Taxes on Sugared Sodas Could Cut Consumption

Price increase would deter some from buying; money could be used for health programs
By Jane Parry
HealthDay Reporter

WEDNESDAY, Sept. 16 (HealthDay News) -- Imposing a tax on sugar-sweetened beverages could reduce consumption and generate income for obesity reduction and healthy eating education interventions, according to an article published online Sept. 16 in the New England Journal of Medicine.

Kelly D. Brownell, Ph.D., of Yale University in New Haven, Conn., and colleagues summarize the evidence that shows how consumption of caloric drinks has increased over the last three decades and, at an individual level, is associated with higher risk of overweight and obesity.

The researchers note that the economic rationale for a tax on sugar-sweetened beverages is based on "market failures" associated with the marketing of such drinks, i.e., consumers make buying decisions based on incomplete information and advertising is targeted at children and adolescents who are less likely to consider long-term consequences over immediate gratification. An excise tax of 1 cent per ounce would reduce calorie consumption from sugar-sweetened drinks by at least 10 percent and revenue from such taxes could be used to fund obesity-prevention programs, they argue.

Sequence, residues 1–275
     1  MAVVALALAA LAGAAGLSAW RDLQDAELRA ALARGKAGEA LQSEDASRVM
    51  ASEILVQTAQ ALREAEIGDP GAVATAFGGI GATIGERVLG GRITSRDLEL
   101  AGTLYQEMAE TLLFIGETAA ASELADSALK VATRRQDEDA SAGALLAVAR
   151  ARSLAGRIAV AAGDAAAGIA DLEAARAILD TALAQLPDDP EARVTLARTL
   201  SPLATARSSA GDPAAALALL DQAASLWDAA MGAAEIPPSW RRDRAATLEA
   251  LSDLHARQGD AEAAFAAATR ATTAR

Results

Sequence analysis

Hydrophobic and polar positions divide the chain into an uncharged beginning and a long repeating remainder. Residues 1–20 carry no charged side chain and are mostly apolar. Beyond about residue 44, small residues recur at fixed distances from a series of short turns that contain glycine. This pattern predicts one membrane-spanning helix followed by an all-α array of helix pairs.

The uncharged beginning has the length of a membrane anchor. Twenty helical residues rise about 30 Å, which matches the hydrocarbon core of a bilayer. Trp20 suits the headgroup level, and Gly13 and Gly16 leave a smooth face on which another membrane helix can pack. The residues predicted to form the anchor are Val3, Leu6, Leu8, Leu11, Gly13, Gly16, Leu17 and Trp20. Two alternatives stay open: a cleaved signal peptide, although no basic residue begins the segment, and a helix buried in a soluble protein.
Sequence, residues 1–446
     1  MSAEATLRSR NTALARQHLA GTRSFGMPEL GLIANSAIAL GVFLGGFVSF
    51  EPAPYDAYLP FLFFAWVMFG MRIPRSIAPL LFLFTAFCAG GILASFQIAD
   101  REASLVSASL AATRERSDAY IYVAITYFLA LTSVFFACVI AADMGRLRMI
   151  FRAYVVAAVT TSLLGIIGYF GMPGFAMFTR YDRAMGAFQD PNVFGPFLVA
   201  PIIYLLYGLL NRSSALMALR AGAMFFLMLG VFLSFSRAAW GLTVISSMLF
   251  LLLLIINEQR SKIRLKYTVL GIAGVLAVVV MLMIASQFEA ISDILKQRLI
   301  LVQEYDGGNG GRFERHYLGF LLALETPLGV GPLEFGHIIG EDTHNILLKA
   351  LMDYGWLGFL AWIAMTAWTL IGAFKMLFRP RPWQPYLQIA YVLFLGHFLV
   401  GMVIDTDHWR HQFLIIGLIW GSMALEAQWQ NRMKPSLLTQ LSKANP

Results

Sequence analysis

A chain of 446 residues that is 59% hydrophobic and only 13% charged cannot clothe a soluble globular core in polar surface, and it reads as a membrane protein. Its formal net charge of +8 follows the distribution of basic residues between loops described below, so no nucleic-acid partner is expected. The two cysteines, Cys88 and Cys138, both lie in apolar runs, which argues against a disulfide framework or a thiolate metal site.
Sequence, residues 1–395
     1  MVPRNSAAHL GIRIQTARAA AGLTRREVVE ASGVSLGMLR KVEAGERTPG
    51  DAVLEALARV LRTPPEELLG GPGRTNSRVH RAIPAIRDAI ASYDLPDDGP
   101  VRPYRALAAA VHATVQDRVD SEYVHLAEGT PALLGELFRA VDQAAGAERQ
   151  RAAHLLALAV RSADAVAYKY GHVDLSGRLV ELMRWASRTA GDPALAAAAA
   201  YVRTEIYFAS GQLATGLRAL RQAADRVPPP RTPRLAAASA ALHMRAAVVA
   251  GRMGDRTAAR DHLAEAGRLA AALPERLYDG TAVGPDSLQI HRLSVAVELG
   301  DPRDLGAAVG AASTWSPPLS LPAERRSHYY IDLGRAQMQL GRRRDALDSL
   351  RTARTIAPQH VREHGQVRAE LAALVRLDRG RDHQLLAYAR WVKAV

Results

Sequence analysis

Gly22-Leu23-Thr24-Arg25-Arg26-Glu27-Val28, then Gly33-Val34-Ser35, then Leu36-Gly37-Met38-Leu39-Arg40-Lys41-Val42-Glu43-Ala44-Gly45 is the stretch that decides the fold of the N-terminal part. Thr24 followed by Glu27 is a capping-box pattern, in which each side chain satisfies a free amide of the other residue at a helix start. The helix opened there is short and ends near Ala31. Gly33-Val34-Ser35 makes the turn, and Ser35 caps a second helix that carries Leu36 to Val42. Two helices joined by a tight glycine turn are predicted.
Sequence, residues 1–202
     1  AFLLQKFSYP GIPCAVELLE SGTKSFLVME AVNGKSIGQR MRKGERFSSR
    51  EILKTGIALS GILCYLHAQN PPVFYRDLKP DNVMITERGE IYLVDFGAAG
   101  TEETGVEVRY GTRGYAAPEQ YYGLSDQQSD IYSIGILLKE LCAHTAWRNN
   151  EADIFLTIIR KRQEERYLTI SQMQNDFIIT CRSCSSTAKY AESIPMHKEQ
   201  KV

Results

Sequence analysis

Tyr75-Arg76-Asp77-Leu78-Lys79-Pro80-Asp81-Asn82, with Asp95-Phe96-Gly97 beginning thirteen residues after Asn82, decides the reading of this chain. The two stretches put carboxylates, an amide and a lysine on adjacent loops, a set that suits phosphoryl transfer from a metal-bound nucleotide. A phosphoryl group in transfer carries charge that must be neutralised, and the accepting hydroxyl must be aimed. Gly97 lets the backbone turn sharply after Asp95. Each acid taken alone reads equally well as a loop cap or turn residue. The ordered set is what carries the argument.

"Much as taxes on tobacco products are routine at both state and federal levels because they generate revenue and they confer a public health benefit with respect to smoking rates, we believe taxes on beverages that help drive the obesity epidemic should and will become routine," the authors conclude.

Full Text

Copyright © 2009 ScoutNews, LLC. All rights reserved.

Powered by

jQuery UI Accordion - Default functionality

For life-long learning and continuing professional development, come to Lippincott's NursingCenter.

Nursing Jobs Plus
Featured Jobs
Recommended CE Articles

Debunking Three Rape Myths
Journal of Forensic Nursing, October/December 2014
Expires: 12/31/2016 CE:2.5 $24.95


Drug updates and approvals: 2014 in review
The Nurse Practitioner, 13December 2014
Expires: 12/31/2016 CE:3 $27.95


Can Food Processing Enhance Cancer Protection?
Nutrition Today, September/October 2014
Expires: 10/31/2016 CE:2 $21.95


More CE Articles

Subscribe to Recommended CE

Recommended Nursing Articles Evidence Based Practice Skin Care Network NursingCenter Quick Links What’s Trending Events